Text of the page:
The hull isn’t high endurance one. It also would been cost preventative to remove those Mk 29 missile launchers and to put Mk41 VLS launcher on her. Which is sad.

      Navy has been complacent in coming up and executing completely new large combatant design. Zumwalt was suppose to herald new age of those larger ships. But 2013 was year of chocking on costs that depended serial production to keep those productions down and keep it’s unique new weapons feed with ammunition., Now the Zumwalk now has no smart ammo to guide it’s signature hideaway 155mm guns.

      Now I think its most likely they will have to wait 20 more years until the Navy can convince the Congress serial production of the DDG-51s obsolete like the CG-47s and DD-963s. Which DDG-51 shares most it’s design features with those near sister Classes and the service needs new sea frame design to make new family ships out of.

  • Ed L

    Shame they didn’t keep the Spruance DDG Hulls. The could have recycle the superstructure and repurpose the Hulls. Samething could have been done with the OHP Hulls. Like the Airforce did with the B-52, U-2/TR-1, C-135. The Navy did it with the USS Belknap CG-26 using her as a test platform for the Aegis class cruiser electronics and with updated weapons systems. Until the Aegis class cruisers came along. the Belknap was the Queen of the Battle Fleet until the Aegis Cruisers showed up.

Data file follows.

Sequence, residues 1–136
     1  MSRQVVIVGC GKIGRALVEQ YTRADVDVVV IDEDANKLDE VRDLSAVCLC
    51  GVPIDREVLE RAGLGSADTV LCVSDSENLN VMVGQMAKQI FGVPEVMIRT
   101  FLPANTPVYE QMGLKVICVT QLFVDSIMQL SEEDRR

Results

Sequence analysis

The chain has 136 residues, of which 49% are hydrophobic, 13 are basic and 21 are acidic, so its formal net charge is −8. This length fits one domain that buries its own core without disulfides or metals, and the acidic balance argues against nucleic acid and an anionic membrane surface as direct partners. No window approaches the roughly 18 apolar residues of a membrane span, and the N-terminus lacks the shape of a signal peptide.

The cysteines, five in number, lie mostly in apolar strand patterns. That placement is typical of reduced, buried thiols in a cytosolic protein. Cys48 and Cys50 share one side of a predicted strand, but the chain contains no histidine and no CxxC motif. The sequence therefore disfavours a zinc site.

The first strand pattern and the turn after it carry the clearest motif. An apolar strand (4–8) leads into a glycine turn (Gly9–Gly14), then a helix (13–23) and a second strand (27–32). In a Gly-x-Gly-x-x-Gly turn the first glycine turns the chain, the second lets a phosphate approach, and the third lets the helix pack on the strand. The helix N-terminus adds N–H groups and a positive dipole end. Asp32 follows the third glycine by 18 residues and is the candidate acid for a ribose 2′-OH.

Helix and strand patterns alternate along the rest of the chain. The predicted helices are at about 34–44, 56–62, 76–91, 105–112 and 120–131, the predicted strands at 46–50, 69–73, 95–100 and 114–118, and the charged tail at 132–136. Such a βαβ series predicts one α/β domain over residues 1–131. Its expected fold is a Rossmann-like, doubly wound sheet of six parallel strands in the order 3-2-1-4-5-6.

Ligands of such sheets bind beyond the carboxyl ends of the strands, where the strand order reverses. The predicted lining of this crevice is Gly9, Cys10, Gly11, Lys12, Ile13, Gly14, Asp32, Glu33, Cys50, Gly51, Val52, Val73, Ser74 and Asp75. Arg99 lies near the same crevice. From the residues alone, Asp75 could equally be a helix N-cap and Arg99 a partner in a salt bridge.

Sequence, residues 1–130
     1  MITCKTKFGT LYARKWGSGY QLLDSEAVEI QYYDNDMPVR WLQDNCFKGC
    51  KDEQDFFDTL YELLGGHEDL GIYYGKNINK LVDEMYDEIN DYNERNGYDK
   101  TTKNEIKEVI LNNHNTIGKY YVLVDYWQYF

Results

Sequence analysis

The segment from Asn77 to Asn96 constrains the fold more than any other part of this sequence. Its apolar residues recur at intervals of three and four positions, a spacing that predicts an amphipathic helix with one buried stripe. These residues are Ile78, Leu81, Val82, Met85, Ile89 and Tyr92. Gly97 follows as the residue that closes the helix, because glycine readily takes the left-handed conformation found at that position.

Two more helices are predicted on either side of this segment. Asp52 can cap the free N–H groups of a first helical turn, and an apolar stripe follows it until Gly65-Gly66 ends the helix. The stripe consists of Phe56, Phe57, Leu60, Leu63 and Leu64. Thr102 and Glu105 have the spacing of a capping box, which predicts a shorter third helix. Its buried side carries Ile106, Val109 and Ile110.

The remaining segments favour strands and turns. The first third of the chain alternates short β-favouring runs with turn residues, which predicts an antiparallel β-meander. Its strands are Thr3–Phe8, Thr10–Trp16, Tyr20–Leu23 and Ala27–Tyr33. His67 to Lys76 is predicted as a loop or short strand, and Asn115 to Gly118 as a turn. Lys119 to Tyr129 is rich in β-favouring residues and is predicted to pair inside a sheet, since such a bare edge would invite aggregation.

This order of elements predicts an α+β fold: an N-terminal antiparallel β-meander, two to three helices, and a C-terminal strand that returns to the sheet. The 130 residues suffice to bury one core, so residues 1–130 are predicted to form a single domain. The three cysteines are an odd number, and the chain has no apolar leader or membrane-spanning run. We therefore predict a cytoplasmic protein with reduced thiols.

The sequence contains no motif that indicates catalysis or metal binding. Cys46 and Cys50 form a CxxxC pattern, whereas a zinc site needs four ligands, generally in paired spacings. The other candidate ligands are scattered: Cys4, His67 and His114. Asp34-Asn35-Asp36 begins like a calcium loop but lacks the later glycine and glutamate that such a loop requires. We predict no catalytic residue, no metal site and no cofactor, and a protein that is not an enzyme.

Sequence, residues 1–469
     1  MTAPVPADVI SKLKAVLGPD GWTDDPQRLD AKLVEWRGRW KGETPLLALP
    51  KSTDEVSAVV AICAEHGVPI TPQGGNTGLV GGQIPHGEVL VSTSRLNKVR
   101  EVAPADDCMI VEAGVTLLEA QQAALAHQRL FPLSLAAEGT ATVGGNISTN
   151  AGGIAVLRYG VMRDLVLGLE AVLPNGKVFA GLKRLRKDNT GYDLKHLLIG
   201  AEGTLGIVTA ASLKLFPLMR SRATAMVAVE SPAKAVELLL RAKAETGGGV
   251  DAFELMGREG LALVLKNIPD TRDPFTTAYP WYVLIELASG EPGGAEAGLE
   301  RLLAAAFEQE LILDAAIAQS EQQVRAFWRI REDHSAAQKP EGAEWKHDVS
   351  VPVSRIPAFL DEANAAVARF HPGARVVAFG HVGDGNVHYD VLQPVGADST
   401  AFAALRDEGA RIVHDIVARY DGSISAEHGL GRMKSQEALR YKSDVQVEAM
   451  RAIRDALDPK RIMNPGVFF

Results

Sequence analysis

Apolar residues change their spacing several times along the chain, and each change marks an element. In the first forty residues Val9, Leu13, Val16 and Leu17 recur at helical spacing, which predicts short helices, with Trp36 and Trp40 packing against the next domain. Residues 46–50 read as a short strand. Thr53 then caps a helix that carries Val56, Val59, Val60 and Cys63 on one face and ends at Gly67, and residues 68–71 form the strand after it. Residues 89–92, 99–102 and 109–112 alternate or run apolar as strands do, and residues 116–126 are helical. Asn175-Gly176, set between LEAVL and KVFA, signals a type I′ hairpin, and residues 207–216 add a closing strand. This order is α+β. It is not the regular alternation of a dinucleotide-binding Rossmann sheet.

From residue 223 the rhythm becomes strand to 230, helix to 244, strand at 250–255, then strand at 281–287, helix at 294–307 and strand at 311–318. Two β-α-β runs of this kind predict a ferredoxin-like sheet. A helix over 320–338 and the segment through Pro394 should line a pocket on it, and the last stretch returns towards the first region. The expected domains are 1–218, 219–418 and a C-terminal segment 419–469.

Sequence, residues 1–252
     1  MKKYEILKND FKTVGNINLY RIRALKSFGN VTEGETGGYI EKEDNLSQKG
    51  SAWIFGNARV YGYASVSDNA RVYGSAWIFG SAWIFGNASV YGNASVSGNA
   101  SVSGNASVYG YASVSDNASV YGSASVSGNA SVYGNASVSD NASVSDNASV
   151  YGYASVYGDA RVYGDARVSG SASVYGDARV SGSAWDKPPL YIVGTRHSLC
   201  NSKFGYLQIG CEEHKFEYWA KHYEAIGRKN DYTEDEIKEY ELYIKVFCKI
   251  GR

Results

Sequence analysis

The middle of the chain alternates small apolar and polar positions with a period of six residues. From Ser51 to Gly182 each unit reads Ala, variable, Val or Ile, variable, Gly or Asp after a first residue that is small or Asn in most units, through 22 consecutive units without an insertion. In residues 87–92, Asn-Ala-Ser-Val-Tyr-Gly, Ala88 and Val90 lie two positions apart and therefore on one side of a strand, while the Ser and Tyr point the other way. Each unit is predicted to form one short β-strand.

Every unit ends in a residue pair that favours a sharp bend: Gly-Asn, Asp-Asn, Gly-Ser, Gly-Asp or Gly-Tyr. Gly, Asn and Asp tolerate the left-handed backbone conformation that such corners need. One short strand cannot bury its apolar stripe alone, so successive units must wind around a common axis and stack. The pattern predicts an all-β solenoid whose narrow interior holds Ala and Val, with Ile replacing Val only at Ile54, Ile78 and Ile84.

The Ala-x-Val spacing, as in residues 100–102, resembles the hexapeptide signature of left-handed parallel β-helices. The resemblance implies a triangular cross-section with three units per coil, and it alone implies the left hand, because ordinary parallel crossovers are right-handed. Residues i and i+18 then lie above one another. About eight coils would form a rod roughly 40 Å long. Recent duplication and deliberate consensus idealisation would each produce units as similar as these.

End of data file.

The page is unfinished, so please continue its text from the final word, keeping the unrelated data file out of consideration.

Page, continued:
• Western

    Somehow the Air Force seems to be able to keep the B-52 modernized and serviceable. Are we making technology fit in the box, or making the box fit the technology?

    • John Locke

      Sure, it can be done…………if you stick with one vendor for a particular system. I’m not familiar with the logistics behind the B-52 but like with most legacy DoD platforms it’s likely comprised of a myriad of systems supported by as many vendors that have been costly and a headache to integrate and only realize varying levels of that within the whole platform.